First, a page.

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Rheumatoid Arthritis: Severe Joint Changes

Bodies change as they age. It’s fairly common to notice some stiffness in joints at times, particularly as you get older. Not all arthritis is the same , however. There are many varieties of the condition. One of the more serious and deforming kinds is rheumatoid arthritis.

Autoimmune Arthritis

Rheumatoid arthritis is just one of many conditions that causes inflammation damage in the joints. Unlike varieties of arthritis that develop out of wear and tear or after serious injuries, however, this condition is an autoimmune disease that affects joints all over your body. No one knows exactly what causes the disease to start. Your immune system begins attacking the protective linings that help lubricate your joints for movement. The tissues swell, become inflamed, and damage the bone and supportive structures around them.

Over time your tendons, ligaments, bones, nerves, and even blood vessels are damaged. You can develop serious deformities that make it challenging to walk or even wear normal shoes. Your toes and ankles may grow more difficult to move. You might develop pain in your arch as well. The affected joints will swell and may appear red. Often they feel warm to the touch. You may notice some general fatigue, too. Sometimes these symptoms can flare up for a period of time. Since this is an autoimmune disease, there is no way to completely eliminate the problem. You don’t have to just accept it and suffer with the condition, though. You can take care of your feet and relieve some of the pain.

Controlling the Condition, Reliving the Pain

Dr. Paul C. LaFata will carefully examine your lower limbs to diagnose your rheumatoid arthritis. Our staff will need to rule out other possible problems to provide you with accurate care. Most likely we will use diagnostic images to check for changes in your joints and damage to the surrounding tissues. Once the problem has been confirmed, we will help you begin managing the disease.

You’ll need to do what you can to reduce the damaging inflammation. Some medications decrease the irritation and swelling in your tissues. Icing your feet can help, too. Avoid hard-impact activities that subject your joints to heavy pounding and pressure. Supporting and cushioning your feet will help reduce the strain on your lower limbs as well. Most likely you’ll need to change your footwear or wear orthotics to help with stabilization and absorbing shock efficiently. You might also need physical therapy to help you maintain your range of motion and joint flexibility.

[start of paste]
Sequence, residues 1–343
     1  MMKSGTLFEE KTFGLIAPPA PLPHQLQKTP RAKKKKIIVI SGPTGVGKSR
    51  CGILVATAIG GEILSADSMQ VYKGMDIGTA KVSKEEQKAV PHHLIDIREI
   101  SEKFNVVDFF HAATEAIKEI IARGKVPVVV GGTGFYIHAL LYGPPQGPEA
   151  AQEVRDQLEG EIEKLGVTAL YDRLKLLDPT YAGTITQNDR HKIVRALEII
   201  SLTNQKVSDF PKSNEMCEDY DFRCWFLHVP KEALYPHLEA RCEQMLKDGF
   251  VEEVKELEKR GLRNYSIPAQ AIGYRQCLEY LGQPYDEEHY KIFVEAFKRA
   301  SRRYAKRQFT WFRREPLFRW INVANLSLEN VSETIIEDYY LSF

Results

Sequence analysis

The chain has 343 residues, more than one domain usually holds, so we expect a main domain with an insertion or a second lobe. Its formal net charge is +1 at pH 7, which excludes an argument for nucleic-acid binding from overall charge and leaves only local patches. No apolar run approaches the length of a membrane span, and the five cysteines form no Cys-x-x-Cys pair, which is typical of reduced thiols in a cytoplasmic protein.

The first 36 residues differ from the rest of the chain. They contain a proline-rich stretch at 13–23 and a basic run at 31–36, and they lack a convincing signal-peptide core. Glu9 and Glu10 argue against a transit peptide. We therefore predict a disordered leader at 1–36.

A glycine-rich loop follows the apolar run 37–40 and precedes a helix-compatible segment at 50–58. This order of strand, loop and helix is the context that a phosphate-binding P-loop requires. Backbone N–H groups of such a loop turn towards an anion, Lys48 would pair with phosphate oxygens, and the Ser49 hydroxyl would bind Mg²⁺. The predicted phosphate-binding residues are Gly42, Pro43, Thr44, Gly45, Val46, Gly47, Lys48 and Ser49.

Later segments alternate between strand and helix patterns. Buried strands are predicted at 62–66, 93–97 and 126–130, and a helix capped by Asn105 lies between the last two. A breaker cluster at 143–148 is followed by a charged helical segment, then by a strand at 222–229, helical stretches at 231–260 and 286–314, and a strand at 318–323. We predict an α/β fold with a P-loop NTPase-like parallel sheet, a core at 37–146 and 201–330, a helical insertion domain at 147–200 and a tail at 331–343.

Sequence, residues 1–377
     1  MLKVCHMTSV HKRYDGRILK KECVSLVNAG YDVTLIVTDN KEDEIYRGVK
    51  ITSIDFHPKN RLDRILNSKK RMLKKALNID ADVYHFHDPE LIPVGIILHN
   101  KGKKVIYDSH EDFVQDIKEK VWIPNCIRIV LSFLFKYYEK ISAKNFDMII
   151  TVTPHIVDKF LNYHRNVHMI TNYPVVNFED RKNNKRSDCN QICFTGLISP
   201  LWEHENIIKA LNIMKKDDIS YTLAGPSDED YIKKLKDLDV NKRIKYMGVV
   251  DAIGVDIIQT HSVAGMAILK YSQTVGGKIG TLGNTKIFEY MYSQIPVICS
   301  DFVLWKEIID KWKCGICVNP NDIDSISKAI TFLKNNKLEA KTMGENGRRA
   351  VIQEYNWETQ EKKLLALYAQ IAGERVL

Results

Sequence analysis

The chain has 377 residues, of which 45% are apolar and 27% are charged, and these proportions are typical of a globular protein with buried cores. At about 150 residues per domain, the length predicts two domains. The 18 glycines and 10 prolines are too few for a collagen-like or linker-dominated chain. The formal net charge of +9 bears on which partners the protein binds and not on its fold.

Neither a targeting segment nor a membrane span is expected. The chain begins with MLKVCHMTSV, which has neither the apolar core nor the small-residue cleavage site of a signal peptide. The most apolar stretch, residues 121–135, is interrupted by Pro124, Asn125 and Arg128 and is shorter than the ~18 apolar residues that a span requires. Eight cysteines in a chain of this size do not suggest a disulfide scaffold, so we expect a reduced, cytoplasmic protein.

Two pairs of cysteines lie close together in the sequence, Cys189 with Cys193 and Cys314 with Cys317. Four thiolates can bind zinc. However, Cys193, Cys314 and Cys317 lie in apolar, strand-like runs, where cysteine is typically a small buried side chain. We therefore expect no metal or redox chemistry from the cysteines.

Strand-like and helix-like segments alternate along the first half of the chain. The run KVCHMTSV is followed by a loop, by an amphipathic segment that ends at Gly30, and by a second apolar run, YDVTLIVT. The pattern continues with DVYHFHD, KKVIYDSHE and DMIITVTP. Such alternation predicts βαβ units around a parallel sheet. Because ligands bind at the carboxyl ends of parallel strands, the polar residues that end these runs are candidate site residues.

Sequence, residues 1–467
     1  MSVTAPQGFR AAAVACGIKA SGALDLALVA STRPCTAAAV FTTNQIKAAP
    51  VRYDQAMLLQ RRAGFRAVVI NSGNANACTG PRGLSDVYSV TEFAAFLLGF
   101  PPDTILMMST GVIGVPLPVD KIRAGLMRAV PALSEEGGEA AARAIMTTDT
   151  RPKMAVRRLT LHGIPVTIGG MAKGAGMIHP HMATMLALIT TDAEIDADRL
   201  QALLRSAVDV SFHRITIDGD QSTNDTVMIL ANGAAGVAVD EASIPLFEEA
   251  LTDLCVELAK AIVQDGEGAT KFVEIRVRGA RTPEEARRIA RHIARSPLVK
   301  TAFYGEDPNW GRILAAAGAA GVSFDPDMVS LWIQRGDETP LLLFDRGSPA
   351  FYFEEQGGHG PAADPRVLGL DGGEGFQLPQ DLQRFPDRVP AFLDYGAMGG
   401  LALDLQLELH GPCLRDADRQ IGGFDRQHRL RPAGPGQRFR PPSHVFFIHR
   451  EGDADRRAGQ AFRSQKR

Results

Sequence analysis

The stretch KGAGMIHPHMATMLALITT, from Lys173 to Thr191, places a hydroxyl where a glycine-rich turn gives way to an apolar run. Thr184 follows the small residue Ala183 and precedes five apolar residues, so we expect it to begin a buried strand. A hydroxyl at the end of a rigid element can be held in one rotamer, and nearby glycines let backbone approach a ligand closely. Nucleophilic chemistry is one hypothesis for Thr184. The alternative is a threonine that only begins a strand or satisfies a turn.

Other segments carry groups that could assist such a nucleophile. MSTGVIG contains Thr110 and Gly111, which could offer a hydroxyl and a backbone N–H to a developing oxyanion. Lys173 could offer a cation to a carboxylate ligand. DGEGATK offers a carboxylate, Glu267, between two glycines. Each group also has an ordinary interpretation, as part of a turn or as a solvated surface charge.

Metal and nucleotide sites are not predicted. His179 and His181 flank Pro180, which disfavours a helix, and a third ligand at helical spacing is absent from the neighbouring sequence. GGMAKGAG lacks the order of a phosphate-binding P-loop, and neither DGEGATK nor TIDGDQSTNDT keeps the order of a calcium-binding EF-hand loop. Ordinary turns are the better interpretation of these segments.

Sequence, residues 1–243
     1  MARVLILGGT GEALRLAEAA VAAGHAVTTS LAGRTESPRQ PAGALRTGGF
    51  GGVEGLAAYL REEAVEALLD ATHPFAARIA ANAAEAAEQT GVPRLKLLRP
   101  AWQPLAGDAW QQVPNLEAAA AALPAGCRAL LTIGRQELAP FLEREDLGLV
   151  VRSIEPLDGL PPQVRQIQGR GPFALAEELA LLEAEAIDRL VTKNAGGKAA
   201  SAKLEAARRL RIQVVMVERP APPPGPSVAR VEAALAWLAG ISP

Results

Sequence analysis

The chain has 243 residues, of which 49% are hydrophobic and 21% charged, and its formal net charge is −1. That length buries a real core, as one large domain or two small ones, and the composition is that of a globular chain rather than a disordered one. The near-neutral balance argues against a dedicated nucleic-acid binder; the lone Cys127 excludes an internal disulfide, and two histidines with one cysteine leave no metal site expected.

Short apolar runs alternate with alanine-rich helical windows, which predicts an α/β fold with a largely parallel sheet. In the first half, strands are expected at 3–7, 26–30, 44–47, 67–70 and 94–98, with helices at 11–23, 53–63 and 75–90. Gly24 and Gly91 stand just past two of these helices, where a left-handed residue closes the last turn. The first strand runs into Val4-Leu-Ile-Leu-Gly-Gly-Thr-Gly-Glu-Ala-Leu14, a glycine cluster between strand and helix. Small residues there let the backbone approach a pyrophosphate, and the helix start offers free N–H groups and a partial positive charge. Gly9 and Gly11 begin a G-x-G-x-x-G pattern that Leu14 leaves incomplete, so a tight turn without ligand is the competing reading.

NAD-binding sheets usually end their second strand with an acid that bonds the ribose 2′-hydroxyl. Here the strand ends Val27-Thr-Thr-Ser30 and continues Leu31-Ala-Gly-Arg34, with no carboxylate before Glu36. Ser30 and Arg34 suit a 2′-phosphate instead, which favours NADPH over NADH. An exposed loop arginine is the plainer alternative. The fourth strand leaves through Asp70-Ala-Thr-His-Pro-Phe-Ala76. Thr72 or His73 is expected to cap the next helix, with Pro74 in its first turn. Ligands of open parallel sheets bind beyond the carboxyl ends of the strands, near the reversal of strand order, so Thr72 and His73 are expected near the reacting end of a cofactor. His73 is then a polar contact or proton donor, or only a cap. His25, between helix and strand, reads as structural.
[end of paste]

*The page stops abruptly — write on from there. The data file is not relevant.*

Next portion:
If your rheumatoid arthritis progresses, conservative methods may not be enough to alleviate your discomfort. In that case, invasive or surgical treatments may be your best option. Direct injections of anti-inflammatory medication may help reduce the painful swelling. Surgical procedures can clean out the damaged tissue and offer some relief as well. Sometimes repairing the soft tissues around the joint is enough to relieve some discomfort. Other cases may need to have the joint replaced or even fused.

Rheumatoid arthritis is a painful disease that can affect your lower limbs and make them uncomfortable and difficult to use. Over time, it can deform your feet and ruin your mobility. You don’t have to resign yourself to living with the pain, though. There are ways you can manage the discomfort and protect your lower limbs as much as possible. Let Dr. Paul C. LaFata and the staff at West Lawn Podiatry Associates in West Lawn, PA, help you. You can reach our office to make an appointment by calling (610) 678-4581 or by using the online contact form.